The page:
Let's start the review with the star of the show and the only train that comes with the route; the distinctive BR Class 323 'Hyper Networker', which looks very smart in its Northern Railway white & blue livery. This unit feels right at home on the shuttle service of Manchester’s Glossop Line and its frequent stops. The Class 323 is an EMU (Electric Multiple Unit) that will be familiar to many, and especially owners of the Birmingham Cross City DLC for Train Sim World 3 that was released last year. An enjoyable drive, the 323 purrs along and has responsive throttle and brakes–and a great sounding horn!
The Glossop Line: Manchester-Glossop & Hadfield is a compact commuter route with several sections of single-line track, so you'll often need to change ends, shutting down one cab and trotting to the other, either via the interior gangway or hopping out and running down the platform. Shuttling between Dinting, Hadfield and Glossop will keep you on your toes-well, keep your avatar on their toes...
The Glossop Line is a bit of a relic–a surviving part of the old Woodhead Line that connected Manchester and Sheffield, which now terminates at Hadfield. As you whizz by you'll notice there are a couple of disused and overgrown stations, and the eagle-eyed will spot some of the electrical catenary gantries from the original 1950s electrification program, still carrying the modern AC lines. What’s left of the Woodhead line and its infrastructure isn't insubstantial, starting with stations at Manchester Piccadilly in the west, through Ardwick, Ashburys, Gorton, Fairfield, Guide Bridge, Hyde North, Flowery Field, Newton for Hyde, Godley, Hattersley, Broadbottom, Dinting (where the track splits to end at Hadfield or Glossop), all of which are still used today.
A working GSM-R (I think it stands for "Global System for Mobile Communications-Railway") and being able to play as a guard have been often–requested features. The GSM-R kind-of works, but lacks several real features and frankly, I don't use it. In the single guard mode scenario (titled "On Guard") you'll be responsible for opening the doors, checking tickets and making sure idiot passengers don't stand near the edge of the platform. The "Guard Mode" feels like a bit of an afterthought, is a bit rough around the edges and could do with some more interaction options with passengers, but the basic idea is sound, especially if TSW ever gets a co-op mode.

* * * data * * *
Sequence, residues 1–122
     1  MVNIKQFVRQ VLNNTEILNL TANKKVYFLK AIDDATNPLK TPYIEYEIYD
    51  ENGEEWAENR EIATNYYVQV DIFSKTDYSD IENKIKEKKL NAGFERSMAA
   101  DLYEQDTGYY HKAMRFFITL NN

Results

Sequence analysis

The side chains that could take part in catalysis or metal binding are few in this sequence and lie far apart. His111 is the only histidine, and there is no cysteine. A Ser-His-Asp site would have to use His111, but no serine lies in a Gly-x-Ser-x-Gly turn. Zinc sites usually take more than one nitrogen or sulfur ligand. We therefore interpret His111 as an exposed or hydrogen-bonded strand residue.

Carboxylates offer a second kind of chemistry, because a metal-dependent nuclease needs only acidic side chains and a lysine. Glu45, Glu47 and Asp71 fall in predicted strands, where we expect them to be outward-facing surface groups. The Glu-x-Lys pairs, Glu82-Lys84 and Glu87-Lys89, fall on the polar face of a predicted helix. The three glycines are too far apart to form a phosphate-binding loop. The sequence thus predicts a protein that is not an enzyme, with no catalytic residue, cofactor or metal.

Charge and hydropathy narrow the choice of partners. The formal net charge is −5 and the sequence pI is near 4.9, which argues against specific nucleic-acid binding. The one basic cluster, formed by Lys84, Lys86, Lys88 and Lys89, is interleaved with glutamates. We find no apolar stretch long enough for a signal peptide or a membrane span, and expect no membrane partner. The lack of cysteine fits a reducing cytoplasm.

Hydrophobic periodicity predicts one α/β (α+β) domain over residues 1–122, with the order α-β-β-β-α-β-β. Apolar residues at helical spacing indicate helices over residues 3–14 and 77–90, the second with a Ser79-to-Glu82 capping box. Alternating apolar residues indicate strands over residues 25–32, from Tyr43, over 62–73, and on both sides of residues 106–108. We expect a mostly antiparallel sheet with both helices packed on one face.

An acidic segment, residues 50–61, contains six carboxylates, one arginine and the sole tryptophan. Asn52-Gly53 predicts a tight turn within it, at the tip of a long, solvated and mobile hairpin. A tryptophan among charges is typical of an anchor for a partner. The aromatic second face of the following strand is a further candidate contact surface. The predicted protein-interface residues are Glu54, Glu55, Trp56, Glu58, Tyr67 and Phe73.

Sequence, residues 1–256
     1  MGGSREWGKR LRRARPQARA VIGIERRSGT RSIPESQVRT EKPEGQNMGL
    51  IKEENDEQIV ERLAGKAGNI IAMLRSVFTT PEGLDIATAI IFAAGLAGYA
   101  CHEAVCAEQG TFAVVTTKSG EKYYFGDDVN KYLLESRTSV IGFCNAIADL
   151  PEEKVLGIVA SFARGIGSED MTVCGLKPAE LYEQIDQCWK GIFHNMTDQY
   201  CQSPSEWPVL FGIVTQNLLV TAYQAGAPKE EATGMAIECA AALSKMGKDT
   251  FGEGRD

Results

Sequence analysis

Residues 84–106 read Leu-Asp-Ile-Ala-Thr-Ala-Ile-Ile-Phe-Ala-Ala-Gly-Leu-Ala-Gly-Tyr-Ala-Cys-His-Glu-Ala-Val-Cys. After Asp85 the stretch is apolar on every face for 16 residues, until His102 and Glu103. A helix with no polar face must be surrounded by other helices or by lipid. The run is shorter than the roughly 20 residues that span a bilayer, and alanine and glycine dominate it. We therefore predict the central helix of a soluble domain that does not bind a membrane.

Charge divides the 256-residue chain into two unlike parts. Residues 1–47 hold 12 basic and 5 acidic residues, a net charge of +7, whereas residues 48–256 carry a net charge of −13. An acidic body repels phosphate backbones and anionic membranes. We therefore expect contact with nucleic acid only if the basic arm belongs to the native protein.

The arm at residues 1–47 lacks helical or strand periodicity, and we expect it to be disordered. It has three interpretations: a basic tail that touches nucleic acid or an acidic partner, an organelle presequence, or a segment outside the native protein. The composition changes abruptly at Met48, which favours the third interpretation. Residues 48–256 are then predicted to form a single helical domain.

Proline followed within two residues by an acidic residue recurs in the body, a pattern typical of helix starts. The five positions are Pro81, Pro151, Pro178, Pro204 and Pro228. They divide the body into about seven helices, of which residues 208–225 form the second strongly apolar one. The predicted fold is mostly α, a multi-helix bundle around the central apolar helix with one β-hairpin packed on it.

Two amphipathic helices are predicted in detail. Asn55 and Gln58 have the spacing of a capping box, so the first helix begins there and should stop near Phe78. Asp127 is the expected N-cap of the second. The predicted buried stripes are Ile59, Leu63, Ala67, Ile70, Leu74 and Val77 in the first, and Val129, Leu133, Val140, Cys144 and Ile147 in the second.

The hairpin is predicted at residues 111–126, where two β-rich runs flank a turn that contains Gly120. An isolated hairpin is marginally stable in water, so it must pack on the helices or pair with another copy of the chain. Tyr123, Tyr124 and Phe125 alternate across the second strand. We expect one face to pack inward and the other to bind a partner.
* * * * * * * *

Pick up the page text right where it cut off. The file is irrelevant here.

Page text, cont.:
The Lancashire & Derbyshire countryside and several towns and industrial areas are well-modelled, and when you're looking around you'll find that the route has a full set of collectibles as a fun diversion, with route maps and tourist posters to replace, newspaper racks to restock and planters to refill–all tasks I'm sure real train drivers willingly do...
Owners of certain other DLCs will get some added services layered in, we think Northern Trans Pennine, Tees Valley Line, Spirit of Steam, Midland Main Line, Southeast High Speed all add layers (see screenshots below to see which locos/units we had added.)
At under 20 miles in length the Glossop line is a shortish and rather limited route, but it's a nicely detailed and interesting one to drive, and is priced at £19.99, considerably less than the usual RRP (which will hopefully start a trend). You can also get 10% off if you own the Birmingham Cross-City route (note: this offer ends 31st July 10:00 BST), It's also worth considering that many services take 30-ish minutes to complete, which is a much more suitable length for many of us TSW3 drivers than 2-hour long-hauls.